From then on, we were as thick as thieves. Gorp…I know…a clue, right? Well, Gorp seemed content to be my number one buddy. Two peas in a pod. Over time, he even started to look like me.

    Or was it other way around?

    Gorp was an easy being to have around.

    300 reasons to be suspicious

    1. Clearly the second to last line is missing a "the" which pushed the piece over the 300 word threshold. To compensate, I would sacrifice the first me (my better half) in the fifth to last paragraph.

  3. Word count:298


    You’d think I’d notice if my best friend were a robot. But no. I, like every single one of you sitting here today was too self-absorbed in my own life. I was too busy running after three crazy children, looking after a house upside down, cluttered from the messiness of everyday life, to notice that she was trying to keep hers glued together perfectly. I remember feeling hate and envy towards her, wanting her perfectly sculpted life rather than the unsatisfying glob of a mishmash I had built for myself. On a good day I would wear pants to drop the kids off at school. She would be perfectly made up and dressed to the nines. On a good day I would walk across the living room floor without tripping. She would go to the gym daily. On a good day I would throw hot dogs in a pot to boil. She would plan every meal in advance for a week. She did it all. Tending to her husband’s needs, making sure her children were brought up properly, sharing with those less fortunate. She did it all. Parents evenings, school bake sales, work functions. She did it all. And not once did she complain or ask for help.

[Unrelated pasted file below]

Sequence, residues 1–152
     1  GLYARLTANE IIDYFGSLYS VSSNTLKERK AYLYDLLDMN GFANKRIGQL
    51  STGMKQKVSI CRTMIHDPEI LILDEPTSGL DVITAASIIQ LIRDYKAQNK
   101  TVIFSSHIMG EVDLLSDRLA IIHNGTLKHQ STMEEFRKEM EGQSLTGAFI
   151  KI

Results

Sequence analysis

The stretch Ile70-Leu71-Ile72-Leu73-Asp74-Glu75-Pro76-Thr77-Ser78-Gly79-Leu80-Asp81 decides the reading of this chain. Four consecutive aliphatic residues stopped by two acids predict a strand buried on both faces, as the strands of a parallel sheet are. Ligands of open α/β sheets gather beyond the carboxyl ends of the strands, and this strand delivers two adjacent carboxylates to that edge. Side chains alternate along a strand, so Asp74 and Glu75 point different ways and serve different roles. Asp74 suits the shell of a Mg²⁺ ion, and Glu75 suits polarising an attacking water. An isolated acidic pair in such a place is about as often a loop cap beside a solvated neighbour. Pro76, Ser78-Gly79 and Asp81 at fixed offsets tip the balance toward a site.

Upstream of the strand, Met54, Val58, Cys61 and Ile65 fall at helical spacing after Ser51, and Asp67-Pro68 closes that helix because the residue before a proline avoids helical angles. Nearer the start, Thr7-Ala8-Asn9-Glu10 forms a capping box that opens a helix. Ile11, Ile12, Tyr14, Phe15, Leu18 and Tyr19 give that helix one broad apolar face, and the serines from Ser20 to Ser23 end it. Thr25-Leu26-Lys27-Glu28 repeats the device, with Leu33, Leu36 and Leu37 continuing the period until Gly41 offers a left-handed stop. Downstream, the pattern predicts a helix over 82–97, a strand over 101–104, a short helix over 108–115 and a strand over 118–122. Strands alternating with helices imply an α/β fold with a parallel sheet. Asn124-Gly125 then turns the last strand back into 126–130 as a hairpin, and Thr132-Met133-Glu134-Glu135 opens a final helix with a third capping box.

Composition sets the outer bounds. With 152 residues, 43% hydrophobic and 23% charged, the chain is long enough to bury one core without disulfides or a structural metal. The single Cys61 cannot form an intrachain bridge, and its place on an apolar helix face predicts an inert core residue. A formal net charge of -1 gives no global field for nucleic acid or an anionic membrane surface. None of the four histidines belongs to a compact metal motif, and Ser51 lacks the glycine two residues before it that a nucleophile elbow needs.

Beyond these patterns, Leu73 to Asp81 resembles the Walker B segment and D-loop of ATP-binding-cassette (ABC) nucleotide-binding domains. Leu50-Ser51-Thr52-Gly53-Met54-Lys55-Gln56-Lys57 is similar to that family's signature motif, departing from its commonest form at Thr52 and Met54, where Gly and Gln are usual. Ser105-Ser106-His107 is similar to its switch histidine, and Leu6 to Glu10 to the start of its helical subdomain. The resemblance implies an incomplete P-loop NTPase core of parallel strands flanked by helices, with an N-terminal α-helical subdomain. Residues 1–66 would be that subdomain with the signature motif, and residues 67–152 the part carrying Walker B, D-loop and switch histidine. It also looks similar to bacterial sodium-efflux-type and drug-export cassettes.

Did you think you didn’t count? Did you believe that by being perfect we would love you more? Did you want us to try harder in our own lives?

    My best friend does not lie here dead today. A robotic product of her own making, who invaded her sense of self-worth, does. A robot who tried to do everything and tried to be everything to everyone around her does. I will never again complain about my cluttered, muddle of a life. At least it reminds me that I’m still alive.

  4. Gotcha!
    Word Count: 292
    Marj Crockett

    "You'd think I'd notice if my best friend were a robot."

    Jan smiled at the policeman who had pulled her over. He did not smile back at her.

    “Ma’am, you know the rules. Anyone who looks like they’re Enhanced needs checked out. And your passenger sure looks like one of them to me. Please step out of the car... Both of you.”

    Slowly, Jan undid her seatbelt. She knew that the slightest misstep could make the policeman angry and dangerous. I undid my seatbelt too. I didn’t want to jeopardise or compromise her in any way.

    “Place your hands on the car please. Both of you.”

    We did what he asked. Truth was, in the pouring rain, we all wanted to get this over and done with and be on our way.

    The policeman pushed my legs apart a bit further as I leaned on the car.

    “Papers?” he asked, frisking me from head to toe.

    I passed him my driver’s license. He glanced at it, then at me, then back at the photo. The flashlight illuminated my face, making me blink. His eyebrows rose.

    “Oh sorry Congressman. I didn’t see your face,” he stammered, “I’m just…”

    I stopped him from making himself more of a fool than he already had.

    “Officer, you’re just doing your duty. I am pleased that you are upholding the laws about Enhanceds so competently. I commend you on your diligence”

    He coughed and handed the license back to me, obviously wishing he was elsewhere

    “That’s all. Sorry to have bothered you. Have a good evening.”

    That was it. The police car left, red lights fading in the distance.

    Jan and I waited until he had gone, then slipped off our masks.

    “Well that worked!” she/it said.